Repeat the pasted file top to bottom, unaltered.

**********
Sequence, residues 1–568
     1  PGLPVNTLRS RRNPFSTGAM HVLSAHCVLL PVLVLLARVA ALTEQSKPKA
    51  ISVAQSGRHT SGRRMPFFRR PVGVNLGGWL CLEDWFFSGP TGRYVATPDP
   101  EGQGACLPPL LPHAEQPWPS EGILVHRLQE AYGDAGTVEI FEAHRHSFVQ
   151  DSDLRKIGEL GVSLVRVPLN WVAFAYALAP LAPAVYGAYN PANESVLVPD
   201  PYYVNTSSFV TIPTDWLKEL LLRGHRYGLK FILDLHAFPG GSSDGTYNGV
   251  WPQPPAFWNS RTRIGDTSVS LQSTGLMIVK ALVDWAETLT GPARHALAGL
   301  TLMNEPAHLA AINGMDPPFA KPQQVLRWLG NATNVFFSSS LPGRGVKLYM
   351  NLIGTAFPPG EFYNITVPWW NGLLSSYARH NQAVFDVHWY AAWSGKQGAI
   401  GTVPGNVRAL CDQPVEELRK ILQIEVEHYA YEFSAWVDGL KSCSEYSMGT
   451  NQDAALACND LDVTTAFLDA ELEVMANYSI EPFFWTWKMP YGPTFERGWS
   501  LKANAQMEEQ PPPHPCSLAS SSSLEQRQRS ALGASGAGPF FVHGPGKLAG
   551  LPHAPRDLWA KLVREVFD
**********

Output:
Sequence, residues 1–568
     1  PGLPVNTLRS RRNPFSTGAM HVLSAHCVLL PVLVLLARVA ALTEQSKPKA
    51  ISVAQSGRHT SGRRMPFFRR PVGVNLGGWL CLEDWFFSGP TGRYVATPDP
   101  EGQGACLPPL LPHAEQPWPS EGILVHRLQE AYGDAGTVEI FEAHRHSFVQ
   151  DSDLRKIGEL GVSLVRVPLN WVAFAYALAP LAPAVYGAYN PANESVLVPD
   201  PYYVNTSSFV TIPTDWLKEL LLRGHRYGLK FILDLHAFPG GSSDGTYNGV
   251  WPQPPAFWNS RTRIGDTSVS LQSTGLMIVK ALVDWAETLT GPARHALAGL
   301  TLMNEPAHLA AINGMDPPFA KPQQVLRWLG NATNVFFSSS LPGRGVKLYM
   351  NLIGTAFPPG EFYNITVPWW NGLLSSYARH NQAVFDVHWY AAWSGKQGAI
   401  GTVPGNVRAL CDQPVEELRK ILQIEVEHYA YEFSAWVDGL KSCSEYSMGT
   451  NQDAALACND LDVTTAFLDA ELEVMANYSI EPFFWTWKMP YGPTFERGWS
   501  LKANAQMEEQ PPPHPCSLAS SSSLEQRQRS ALGASGAGPF FVHGPGKLAG
   551  LPHAPRDLWA KLVREVFD